Being honest about your current physical condition is crucial to successfully performing the Controlled Fade. The best way to get an honest assessment of your ability across all race distances is to plug a recent race result into a race pace calculator which projects what would be an equivalent performance over other distances. This will give you an idea of ​​what you are capable of if everything goes perfectly on race day.

In most cases, a more realistic goal is to add two to five minutes to what the calculators tell you, especially if you’re using run times further away from the marathon, like a 5k time. If your goal is within this two to five minute window, it will likely be achievable and suitable for the controlled fade strategy.

A controlled fade works best when you run the first half of your run between a total of 30 seconds and three minutes faster than the second half. This equates to five to ten seconds per mile for the marathon. As you pace the first half of a marathon, aim for five seconds per mile faster than the end goal pace with an absolute speed limit of 10 seconds per mile faster. For example, if you’re trying to go past 3:30 a.m. for the marathon or run an average of 8:00 a.m. / mile, try running the first half at a pace of 7:55 a.m. / mile, never going over 7:50 a.m. / mile. .

The goal is to maintain this pace for as long as possible, hoping that you will pass out at some point. The more you keep up the pace in the race, the more buffer you will create against your final time goal.

Keep in mind that it’s always important to relax in this faster pace. So starting 10 seconds slower than the target pace for the first mile can be a good option for those in need of a mile warm-up. You’ll make up for that time at mile four or five if you settle into your planned controlled fade rate at mile two.

When to use a controlled fade?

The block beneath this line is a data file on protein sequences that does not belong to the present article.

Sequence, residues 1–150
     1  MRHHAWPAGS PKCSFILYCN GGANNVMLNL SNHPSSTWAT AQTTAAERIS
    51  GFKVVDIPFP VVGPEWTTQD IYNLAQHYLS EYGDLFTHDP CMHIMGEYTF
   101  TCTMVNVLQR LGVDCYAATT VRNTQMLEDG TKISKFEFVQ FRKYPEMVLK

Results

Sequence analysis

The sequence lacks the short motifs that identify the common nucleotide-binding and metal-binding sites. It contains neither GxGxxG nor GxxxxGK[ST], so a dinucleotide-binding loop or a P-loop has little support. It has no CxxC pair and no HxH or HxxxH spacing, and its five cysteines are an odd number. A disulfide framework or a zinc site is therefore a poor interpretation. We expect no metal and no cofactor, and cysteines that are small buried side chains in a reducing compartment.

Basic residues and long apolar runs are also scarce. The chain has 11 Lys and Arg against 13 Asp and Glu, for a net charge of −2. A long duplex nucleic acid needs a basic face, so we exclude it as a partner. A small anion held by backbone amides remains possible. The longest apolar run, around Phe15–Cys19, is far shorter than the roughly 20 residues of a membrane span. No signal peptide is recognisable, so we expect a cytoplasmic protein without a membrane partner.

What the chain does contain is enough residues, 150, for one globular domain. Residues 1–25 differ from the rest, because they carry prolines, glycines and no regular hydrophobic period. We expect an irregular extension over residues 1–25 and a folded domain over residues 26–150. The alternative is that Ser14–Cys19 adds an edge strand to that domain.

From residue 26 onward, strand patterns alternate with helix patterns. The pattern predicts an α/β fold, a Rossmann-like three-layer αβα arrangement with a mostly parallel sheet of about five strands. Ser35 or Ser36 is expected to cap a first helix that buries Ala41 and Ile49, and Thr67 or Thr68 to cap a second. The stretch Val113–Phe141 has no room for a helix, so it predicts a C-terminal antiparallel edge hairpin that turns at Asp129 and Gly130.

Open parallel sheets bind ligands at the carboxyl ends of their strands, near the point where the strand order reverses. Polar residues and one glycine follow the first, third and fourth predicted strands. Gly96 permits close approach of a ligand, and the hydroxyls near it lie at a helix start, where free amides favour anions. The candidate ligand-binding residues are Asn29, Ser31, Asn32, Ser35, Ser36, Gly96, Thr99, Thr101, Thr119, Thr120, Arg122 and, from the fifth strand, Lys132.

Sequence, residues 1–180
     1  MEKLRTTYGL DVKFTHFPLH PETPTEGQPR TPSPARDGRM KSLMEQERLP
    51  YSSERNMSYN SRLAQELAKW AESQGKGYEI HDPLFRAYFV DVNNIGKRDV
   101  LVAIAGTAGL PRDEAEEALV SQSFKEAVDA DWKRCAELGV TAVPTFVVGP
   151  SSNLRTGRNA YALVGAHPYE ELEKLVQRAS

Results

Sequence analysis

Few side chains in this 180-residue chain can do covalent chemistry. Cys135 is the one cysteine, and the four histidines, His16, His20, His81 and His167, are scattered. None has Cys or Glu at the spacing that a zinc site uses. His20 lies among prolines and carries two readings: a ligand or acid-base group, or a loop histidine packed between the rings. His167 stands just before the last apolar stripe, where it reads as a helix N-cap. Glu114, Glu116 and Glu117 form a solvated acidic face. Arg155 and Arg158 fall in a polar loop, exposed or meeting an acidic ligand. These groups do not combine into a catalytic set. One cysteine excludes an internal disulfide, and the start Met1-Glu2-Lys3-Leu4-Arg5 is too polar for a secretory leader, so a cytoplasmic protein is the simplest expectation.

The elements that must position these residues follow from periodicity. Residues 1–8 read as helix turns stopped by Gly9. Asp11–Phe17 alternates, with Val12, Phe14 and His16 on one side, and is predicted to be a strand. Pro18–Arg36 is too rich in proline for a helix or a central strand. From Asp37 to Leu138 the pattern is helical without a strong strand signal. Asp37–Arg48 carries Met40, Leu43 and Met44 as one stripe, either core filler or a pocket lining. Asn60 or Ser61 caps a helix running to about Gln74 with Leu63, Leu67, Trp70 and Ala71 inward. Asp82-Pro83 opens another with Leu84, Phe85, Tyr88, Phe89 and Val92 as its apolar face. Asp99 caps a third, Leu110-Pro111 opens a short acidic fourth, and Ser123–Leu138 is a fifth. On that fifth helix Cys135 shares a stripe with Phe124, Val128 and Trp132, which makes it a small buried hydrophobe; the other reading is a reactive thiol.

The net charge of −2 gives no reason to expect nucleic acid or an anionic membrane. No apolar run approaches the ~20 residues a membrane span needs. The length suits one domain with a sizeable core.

A controlled fade works best for longer runs, like the marathon, and when there is a lot of internal pressure to beat a very specific time.

Determining when to use a controlled fade depends on your goals. Dr. Ross points out the difference between result objectives and performance standards. Performance targets are a specific outcome you are looking for, such as breaking your personal best or qualifying for the Boston Marathon, while performance standards are about “the more approach you take to show up.” For outcome goals, there is a clear line between success and failure. Either you reach your goal or you don’t.

“A lot of times what will happen during a race is that we recognize that our goal goals are lost for some reason – the weather isn’t cooperating or it’s just not our day. At this point, runners are often really defeated and frustrated, ”says Dr. Ross. Without having a performance standard to fall back on, some runners might give up and give up their goal altogether.

This is where the controlled fade comes in: building a little cushion of time to fall back on late in the race allows runners who place a strong emphasis on result goals a margin of error, alleviating some of the burden. pressure.

So think about what you want to accomplish in your run or if you have that specific goal to pursue in your run and if the controlled fade would work for you.

What are other coaches saying?

Terry Howell, owner of Blue collar running, coached seven runners at the 2020 Olympic Trials. He agrees that the controlled fade is a viable plan for some runners and often creates a cushion even for his elite runners. “Depending on the caliber of the athlete and the condition they are in, I’m okay with a two-minute cushion in the back, which means I’m slowing down in the second half.” In an ideal situation, Howell likes to see his athletes somewhere between 30 seconds slower and 30 seconds faster than their marathon halfway goal.

On the other hand, Karen Dunn, owner of Strengthen your stride and VDOT Certified Distance Trainer and RRCA Level Two Running Trainer, says “it’s really about knowing your athlete, knowing their history, their goals, their mental toughness and tenacity.” She thinks a steady or slightly negative pace is the best strategy, but recognizes that if it’s the right fit, a positive split can help some gain confidence.

Is a controlled fade the right approach for you?

Ultimately, it’s important to avoid absolutes. When it comes to a negative, positive or equal stimulus strategy, one is not always better than the other. It all comes down to the individual runner, the race course and what feels comfortable in a given situation.

However, the only way to know if a stimulus strategy is better for your particular situation is to try it. If you’re like most runners who think positive spreads mean poor performance, try the Controlled Fade. It might pay even more than you expected.